Third, ballistic missile defense will have adverse strategic effects. No country can be completely safe if other major players in the international system feel insecure. It is this logic that underpinned the doctrine of mutually assured destruction, which maintained stability during the Cold War. Thus, the U.S. cannot make itself invulnerable without generating a whole range of countermeasures by peer competitors such as Russia, China, Pakistan, India, and North Korea among others. These countermeasures can go from the basic, such as simply smuggling in WMD into the U.S. through cargo ships or attaching decoys to missiles, to the complex, such as building ballistic missile that follow erratic and unpredictable paths, such as the “Crazy Ivan” currently being developed by Russia, or by investing in blue sea submarines that can launch missiles closer to the shores of the U.S. where they will be difficult to intercept. Most likely, the result of a BMD will be a renewed arms race. States that were previously content with a minimal deterrent force will produce more ballistic missiles with multiple warheads in order to overwhelm the missile shield. Tragically by trying to become secure, the U.S. will find itself in the long term in a similar state of vulnerability, only this time with more weapons pointed at it. The U.S. could always upgrade its missile defense system. However, it must be cognizant that it will constantly be at a disadvantage so long as that the cost of intercepting an extra missile is greater than the cost of building an extra missile. Thus Canada may be unwillingly promoting an arms race by giving political and military backing to North American BMD. BMD may also produce an arms race in outer space that goes against Canadian policy and interests. So far, the U.S. has been talking about a ground-based BMD involving interceptors based on Earth. However, it is not unlikely that the U.S. will go ahead with a second phase of space-based BMD similar to the Strategic Defense Initiative (SDI dubbed as “Star Wars”) proposed by President Reagan in the 1980s. Indeed, DoD has recently approved a project for a space-based interceptor test bed by 2012. While a space-based interceptor is likely to improve the effectiveness of BMD, it has two drawbacks. First, if such a BMD involved weapons of mass destruction, it could violate the Outer Space Treaty, as well as seriously anger states such as China and Russia who vehemently oppose the weaponisation of outer space. In the future, if such countries come to view satellites as offensive weapons, they will seek to develop anti-satellite devices (ASATs) to negate them, thus opening the previously untouched sanctuary of outer space to the ravages of war. The use of ASATs could also lead to the creation of millions of pieces of space debris. Such debris, which in the space environment travels at 10 km per second could eventually cripple the satellite network modern society has come to depend on, or render outer space increasingly inaccessible. Because of these concerns, Canada has consistently opposed the weaponisation of outer space. However, if Canada refuses to join on the second phase of BMD, it is likely to face an even more serious rebuke from the U.S. than it does today, since the U.S. would have at that point sunken considerable capital in a BMD infrastructure. Therefore the cost of saying no to the second phase of BMD will eliminate the political favor Canada could accumulate from the U.S. by joining the first phase of BMD. Canada needs to closely evaluate this prospect in its continuing mission to improve bilateral relations with the U.S.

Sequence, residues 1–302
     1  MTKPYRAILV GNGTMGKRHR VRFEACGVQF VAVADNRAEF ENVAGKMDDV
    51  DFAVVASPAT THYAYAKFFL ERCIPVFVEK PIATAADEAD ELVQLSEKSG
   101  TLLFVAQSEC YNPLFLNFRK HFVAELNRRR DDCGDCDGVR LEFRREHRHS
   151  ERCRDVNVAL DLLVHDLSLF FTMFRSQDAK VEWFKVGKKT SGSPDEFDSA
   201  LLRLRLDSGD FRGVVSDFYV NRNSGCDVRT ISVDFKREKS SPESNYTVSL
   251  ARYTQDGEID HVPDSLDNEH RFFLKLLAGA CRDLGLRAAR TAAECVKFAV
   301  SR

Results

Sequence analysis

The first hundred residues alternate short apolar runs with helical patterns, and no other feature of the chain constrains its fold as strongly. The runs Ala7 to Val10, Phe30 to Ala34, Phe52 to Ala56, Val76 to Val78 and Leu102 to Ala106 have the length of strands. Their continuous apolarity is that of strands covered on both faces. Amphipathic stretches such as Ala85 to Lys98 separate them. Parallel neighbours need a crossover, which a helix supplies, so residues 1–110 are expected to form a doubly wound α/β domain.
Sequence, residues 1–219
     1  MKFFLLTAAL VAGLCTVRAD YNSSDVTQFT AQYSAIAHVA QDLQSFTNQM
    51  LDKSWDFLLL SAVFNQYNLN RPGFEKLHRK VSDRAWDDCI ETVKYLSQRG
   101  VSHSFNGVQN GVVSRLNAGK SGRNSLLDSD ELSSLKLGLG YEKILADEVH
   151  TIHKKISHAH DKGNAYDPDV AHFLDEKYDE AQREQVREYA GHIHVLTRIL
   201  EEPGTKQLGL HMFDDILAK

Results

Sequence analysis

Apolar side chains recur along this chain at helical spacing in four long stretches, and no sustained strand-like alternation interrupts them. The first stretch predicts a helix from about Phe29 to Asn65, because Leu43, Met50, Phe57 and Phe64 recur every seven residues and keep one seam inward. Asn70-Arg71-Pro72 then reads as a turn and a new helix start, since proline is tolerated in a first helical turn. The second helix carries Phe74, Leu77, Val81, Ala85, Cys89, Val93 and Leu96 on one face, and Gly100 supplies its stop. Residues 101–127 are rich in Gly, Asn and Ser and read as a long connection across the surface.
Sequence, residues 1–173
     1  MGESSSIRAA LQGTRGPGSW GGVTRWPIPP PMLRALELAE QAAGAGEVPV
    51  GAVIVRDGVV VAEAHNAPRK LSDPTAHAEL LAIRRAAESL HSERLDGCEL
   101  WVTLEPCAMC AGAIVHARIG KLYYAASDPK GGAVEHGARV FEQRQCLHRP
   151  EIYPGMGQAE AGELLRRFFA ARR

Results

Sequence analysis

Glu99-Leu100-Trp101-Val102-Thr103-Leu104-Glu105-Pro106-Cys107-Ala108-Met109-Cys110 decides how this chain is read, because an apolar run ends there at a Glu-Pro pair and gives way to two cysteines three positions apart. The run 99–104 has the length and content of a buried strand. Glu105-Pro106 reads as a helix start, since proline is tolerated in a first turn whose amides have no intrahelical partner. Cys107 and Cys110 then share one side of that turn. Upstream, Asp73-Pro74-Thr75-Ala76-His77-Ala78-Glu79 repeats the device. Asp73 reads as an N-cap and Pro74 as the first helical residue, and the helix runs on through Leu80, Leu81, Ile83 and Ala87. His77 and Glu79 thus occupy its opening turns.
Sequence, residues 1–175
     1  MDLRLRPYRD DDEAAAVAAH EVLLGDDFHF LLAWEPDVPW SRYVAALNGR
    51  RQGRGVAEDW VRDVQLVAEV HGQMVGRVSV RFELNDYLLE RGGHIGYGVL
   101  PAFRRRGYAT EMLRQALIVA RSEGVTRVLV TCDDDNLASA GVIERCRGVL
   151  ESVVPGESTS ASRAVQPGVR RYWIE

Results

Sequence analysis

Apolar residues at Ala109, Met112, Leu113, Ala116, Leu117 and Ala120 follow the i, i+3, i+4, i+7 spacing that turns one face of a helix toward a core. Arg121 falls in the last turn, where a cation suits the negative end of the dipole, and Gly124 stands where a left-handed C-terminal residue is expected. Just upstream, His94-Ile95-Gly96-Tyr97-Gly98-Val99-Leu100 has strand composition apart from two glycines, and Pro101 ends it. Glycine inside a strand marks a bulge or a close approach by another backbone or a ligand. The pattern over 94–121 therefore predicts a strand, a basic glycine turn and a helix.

Lastly, Canada must examine the environmental impact of BMD. The first issue involves the stationing of radar and interceptor bases on Canadian soil. Because it is likely that such bases would be placed in the Arctic or the West Coast, both areas with potentially fragile ecosystems, Ottawa will need to carefully evaluate its responsibilities as custodian of Canada’s natural resources. Furthermore, BMD bases stationed on Canadian soil could become target of any preemptive strike. In this sense, BMD will make Canada a greater target. The second environmental issue revolves around the question of missile debris. Because ballistic missile en route to the U.S. tend to arc over the far north, it is likely that a missile intercept would occur just above Canadian airspace. This means that debris, including WMD warheads, from intercepted missiles could come falling down on Canada, posing an environmental and safety threat. The third environmental issue, briefly touched upon previously, is the question of orbital debris caused by an intercept in outer space. Such orbital debris could wreck havoc on satellites and jeopardize mankind’s access to outer space. With all these concerns in mind, it is understandable that many Canadians are weary or opposed to BMD. Most Canadians don’t find the prospect of a North Korea missile crashing down on Vancouver, Toronto, or Montreal credible. Nor do they feel it is worth draining the nation’s coffers and bruising its international reputation in order to avert such a remote threat.